Chronic repair spending is a known symptom of power quality issues
By Christopher Smith
Undesired operation” may sound nicer than “failure,” but in the healthcare industry, nobody’s looking to spare the equipment’s feelings. And failing medical equipment incurs costs that can be counted in multiple columns: the risk of diagnostic error, scheduling issues, lost billing, overtime, lost productivity, employee stress and turnover, and (of course) repair and replacement costs.
However, if you are experiencing constant failures in medical equipment, the problem may not be with the equipment itself. It might be your electricity. Medical technology is susceptible to power quality issues, and healthcare facilities have complex, variable power draws that can lead to power quality problems.
How Do I Know It’s Power Quality?
If your problem is persistent or abnormally frequent, that could mean something external to the equipment is hastening its failure. Start by checking the frequency and timing of equipment issues. If you can match your failures to changing demands on your power system, you could have a power quality problem.
There’s no “one-size-fits-all” troubleshooting method that will help you uncover power quality issues, and if you suspect them, you need to consult immediately with someone qualified to safely assess your system.
It’s important to think about the whole system, since it’s not just a question of power loads from large equipment like MRI machines and CT scanners. Computers and other equipment throughout your facility create nonlinear loads. Those nonlinear loads can create disturbances in power systems that affect both your electrical assets and the equipment they supply power to.
Why Are Power Quality Issues Destructive?
The term “power quality” doesn’t exactly convey the serious technical problem it describes, so let’s take a moment to explore what it means. Most of us think about electricity as just “on or off,” but there are really three states of operation: transient, steady state, and decay. Remember “an object at rest tends to stay at rest, and an object in motion tends to stay in motion?” It’s the same for electricity.
Whenever anything is energized or deenergized, there’s a transient state before the equilibrium you expect—the steady state—is achieved. Sometimes that equilibrium is harder to achieve than it should be. Meanwhile, the voltage is surging and sagging in the system, which can give a device more than it can safely handle or less than it needs to operate reliably. Both situations can damage equipment or cause it to fail, especially after repeated occurrences.
The other common power quality problem is harmonics. Alternating current is like a wave, and just like other kinds of waves, it can experience interference. There are many pieces of powered equipment in a healthcare setting—from medical devices to computers to operational needs like HVAC—each of which creates its own little ripple in that wave. There’s a real danger that all those ripples can add up and create enough distortion to damage equipment or cause failure.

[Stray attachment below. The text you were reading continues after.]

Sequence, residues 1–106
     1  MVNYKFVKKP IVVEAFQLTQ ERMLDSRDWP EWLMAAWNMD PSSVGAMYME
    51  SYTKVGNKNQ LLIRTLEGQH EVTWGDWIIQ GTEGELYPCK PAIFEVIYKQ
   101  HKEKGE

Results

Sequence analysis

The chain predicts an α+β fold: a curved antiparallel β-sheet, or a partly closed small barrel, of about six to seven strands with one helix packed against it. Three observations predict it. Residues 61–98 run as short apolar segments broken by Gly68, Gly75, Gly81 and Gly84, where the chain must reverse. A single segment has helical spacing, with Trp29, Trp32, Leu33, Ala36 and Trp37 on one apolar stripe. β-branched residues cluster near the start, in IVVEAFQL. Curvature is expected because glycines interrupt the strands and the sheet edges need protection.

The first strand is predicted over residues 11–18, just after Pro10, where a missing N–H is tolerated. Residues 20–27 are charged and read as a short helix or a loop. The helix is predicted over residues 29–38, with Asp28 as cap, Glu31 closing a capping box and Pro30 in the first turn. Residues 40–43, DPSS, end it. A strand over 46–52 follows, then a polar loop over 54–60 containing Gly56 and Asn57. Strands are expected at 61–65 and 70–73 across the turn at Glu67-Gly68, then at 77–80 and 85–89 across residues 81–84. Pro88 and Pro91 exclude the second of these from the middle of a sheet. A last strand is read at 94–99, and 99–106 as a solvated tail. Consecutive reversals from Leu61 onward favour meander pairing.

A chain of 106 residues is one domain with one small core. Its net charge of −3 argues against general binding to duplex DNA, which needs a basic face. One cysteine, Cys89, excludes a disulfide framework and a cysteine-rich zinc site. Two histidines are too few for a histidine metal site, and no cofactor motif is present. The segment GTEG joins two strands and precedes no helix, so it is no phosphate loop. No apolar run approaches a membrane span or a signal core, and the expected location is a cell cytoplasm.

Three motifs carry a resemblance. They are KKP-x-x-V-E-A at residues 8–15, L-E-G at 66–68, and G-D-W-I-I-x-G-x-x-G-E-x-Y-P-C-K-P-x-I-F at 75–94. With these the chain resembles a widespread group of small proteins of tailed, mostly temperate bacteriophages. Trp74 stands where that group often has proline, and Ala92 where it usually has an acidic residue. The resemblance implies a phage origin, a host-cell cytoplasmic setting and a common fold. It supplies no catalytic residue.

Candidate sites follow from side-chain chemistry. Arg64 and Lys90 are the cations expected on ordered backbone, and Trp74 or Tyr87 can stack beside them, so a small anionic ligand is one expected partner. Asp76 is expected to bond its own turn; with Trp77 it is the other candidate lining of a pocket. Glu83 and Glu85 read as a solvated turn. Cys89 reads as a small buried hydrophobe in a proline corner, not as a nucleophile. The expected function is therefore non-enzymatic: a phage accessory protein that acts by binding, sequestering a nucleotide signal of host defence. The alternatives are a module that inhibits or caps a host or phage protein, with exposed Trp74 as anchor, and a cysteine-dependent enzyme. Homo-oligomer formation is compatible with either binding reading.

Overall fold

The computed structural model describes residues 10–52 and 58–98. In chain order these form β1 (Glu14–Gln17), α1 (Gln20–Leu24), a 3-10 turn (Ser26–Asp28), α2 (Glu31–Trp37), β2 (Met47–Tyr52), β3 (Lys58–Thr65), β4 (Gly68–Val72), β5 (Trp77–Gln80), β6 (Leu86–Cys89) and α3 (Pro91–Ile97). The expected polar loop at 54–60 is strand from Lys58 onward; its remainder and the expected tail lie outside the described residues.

One of the most dangerous causes of power quality issues is improper grounding. Proper grounding is key to the protective mechanisms in place to limit dangerously high voltage and the risk of shock and arc flash from electrical incidents. When power quality problems are ignored, it could mean improper grounding is being ignored—a clear safety risk.
Damages Like This
One hospital experiencing unexpected failures from a medical imaging system asked ABM Healthcare to investigate. An integral part of the machine, a solid-state card, had already been replaced multiple times. That meant multiple failures had been endured and the cost of parts and labor had multiplied.
ABM found that it wasn’t really a repair issue with the imaging equipment. The real cause of failure was the excessive harmonics in the electrical system powering the unit. Instead of just replacing the part again, the power quality issue was resolved with improvements to the hospital’s high-voltage cabling. That stopped the habitual failure of the imaging system and had the added benefit of alerting the hospital to harmonic problems throughout the facility that could now be addressed before further systemic damage occurred.
Let’s Look at Another Case
Here’s an example of the interdependency of equipment and power systems in a healthcare setting: the hospital in question was experiencing multiple trip conditions. In this case, variable-frequency drives (VFDs) for the HVAC system were tripping during normal operation. Underperforming ventilation was a concern for the hospital—and disabling the ground fault protection was a nonoptimal solution.
The tripping might have been caused by maintenance issues with the VFDs themselves, and so an HVAC tech could have been called, but the frequency and persistence of the issue pointed to power quality issues. Focusing just on fixing or replacing the drives might not solve the problem, and letting any underlying power quality issues continue could put other critical equipment in the hospital at risk. For instance, the possibility of higher ground currents in the system could create safety hazards and equipment failure risks.